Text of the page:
Sir Frank Mears
Frank Mears was Scotland’s leading planning practitioner during the 1930s and 40s. In 1944 he was elected President of the Royal Scottish Academy, in 1945 he received an honorary doctorate from Edinburgh University and in 1946 he was knighted in the New Years Honours. Yet in the period since his death in 1953, his distinctive contribution to the early development of planning in Scotland has been largely forgotten.
Mears was born in 1880. His architectural training in Edinburgh at the turn of the Century had a strong Medieval emphasis and as an apprentice he worked on a number of important ecclesiastical projects, such as the Coates Memorial Church in Paisley.
It was as a result of his work with Patrick Geddes that Mears developed an interest in planning. In around 1908, Mears became involved with the circle of artists, intellectuals and civic activists associated with Geddes’ Outlook Tower. Geddes lamented the loss of the intellectual pre-eminence which Edinburgh had enjoyed during golden years of the Enlightenment, and the great variety of environmental and educational projects which he promoted in the city were designed to stimulate a cultural and intellectual renascence. Early in their relationship, he wrote to Mears of his hopes for Edinburgh in the following terms:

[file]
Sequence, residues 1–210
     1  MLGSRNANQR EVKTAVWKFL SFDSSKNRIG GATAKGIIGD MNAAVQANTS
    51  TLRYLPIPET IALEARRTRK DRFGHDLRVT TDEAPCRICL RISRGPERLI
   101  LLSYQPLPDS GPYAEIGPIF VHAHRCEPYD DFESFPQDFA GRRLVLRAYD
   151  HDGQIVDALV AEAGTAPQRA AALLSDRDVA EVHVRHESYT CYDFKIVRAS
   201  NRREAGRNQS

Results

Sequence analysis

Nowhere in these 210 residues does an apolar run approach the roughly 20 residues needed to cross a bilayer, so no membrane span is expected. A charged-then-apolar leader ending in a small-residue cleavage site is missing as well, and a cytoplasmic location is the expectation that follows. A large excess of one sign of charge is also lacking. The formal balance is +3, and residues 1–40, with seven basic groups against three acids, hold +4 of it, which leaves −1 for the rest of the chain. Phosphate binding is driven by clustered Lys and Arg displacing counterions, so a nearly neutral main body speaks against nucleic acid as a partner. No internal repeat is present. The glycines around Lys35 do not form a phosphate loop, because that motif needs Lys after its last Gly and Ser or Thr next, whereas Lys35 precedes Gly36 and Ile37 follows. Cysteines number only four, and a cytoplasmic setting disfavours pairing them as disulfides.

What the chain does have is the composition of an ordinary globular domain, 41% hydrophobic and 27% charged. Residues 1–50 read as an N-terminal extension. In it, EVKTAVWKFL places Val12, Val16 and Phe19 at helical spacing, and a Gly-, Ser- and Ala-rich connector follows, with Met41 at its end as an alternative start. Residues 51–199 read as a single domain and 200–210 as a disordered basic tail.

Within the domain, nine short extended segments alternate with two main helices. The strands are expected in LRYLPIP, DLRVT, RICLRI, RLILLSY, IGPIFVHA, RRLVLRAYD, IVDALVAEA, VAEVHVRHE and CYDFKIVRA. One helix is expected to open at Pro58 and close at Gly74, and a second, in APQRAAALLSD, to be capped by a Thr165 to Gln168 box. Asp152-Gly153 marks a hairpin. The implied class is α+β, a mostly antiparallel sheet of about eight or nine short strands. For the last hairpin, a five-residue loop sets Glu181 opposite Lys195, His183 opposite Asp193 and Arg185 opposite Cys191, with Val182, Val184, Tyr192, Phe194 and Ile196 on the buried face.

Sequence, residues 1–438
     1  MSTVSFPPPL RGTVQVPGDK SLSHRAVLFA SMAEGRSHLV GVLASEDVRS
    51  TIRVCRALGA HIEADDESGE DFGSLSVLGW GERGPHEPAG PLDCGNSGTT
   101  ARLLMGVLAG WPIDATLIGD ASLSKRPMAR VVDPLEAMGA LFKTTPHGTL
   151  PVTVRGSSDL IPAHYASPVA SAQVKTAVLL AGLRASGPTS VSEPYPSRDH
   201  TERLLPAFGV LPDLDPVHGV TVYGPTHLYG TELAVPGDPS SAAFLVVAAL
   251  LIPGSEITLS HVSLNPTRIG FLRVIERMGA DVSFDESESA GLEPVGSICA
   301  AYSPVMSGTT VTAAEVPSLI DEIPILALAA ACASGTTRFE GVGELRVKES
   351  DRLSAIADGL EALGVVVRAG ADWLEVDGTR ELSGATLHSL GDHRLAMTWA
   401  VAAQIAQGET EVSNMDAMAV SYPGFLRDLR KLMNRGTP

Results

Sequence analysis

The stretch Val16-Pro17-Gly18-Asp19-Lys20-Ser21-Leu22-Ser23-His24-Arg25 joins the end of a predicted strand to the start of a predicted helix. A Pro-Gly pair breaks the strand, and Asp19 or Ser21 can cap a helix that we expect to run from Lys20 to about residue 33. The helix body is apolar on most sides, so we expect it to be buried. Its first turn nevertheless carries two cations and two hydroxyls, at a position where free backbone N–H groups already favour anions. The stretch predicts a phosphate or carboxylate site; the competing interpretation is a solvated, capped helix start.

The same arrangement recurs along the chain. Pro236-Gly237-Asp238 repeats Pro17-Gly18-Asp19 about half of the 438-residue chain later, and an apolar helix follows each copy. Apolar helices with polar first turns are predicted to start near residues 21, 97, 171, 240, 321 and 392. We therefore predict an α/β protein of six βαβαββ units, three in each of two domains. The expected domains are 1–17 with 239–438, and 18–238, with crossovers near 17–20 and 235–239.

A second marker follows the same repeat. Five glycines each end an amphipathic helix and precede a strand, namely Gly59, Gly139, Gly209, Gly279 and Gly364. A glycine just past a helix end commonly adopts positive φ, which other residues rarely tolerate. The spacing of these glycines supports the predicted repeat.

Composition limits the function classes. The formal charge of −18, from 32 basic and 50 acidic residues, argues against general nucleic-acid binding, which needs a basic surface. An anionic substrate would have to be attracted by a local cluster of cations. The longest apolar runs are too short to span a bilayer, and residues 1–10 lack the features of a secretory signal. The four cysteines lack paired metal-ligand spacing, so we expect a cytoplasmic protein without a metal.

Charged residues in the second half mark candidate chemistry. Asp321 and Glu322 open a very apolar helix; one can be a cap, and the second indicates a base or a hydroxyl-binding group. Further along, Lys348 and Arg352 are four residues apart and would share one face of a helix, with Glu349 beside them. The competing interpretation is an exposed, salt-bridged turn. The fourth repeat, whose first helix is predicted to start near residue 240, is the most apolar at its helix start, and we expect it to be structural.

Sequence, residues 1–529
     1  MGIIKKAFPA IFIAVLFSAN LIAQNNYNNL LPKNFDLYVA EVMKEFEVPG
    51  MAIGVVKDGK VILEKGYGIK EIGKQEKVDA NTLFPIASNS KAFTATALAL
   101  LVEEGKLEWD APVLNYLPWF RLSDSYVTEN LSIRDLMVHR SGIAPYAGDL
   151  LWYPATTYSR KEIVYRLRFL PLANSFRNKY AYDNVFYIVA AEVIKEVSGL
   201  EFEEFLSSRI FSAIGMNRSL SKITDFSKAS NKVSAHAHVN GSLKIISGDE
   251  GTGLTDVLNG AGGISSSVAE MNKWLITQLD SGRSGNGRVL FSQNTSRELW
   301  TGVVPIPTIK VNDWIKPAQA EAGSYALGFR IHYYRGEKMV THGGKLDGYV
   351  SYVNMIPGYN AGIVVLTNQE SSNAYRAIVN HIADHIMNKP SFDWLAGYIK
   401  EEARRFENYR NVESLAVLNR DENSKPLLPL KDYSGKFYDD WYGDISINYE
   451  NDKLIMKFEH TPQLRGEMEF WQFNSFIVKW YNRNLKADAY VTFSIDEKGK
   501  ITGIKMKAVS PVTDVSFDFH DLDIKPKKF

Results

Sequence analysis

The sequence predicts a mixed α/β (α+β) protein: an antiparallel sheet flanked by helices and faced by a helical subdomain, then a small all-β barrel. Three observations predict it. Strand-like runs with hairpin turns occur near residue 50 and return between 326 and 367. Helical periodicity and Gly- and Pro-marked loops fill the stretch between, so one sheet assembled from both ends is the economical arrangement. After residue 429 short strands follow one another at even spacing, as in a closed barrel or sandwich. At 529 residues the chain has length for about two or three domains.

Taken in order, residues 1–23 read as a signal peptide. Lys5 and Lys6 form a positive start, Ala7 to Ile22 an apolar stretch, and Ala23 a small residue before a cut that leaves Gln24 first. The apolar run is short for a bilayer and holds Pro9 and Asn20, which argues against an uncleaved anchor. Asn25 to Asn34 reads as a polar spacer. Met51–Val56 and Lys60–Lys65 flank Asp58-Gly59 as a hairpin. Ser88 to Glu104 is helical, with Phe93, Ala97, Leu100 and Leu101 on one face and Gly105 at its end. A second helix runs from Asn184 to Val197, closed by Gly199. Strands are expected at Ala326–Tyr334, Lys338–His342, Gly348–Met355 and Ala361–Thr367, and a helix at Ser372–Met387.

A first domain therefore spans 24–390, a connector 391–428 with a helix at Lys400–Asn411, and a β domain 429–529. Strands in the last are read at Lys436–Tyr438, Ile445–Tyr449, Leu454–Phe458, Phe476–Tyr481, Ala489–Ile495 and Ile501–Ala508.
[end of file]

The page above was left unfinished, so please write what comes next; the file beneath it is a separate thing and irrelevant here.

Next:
“The scheme is a great one – that of planning the cultural future of Edinburgh – a renascent capital – and of Scotland as again one of the great European powers of culture.”
An appreciation of Geddes’ close engagement with the fate of Edinburgh as a national culture-capital is crucial to an understanding of the particular perspective which he brought to planning. His conception of the nature and purpose of planning was quite different from that of other planning propagandists. For Geddes, the central concern was not with the technical problems of urban expansion or the creation of brave new utopian settlements but with the task of inspiring communities to an active participation in their own cultural and social renewal.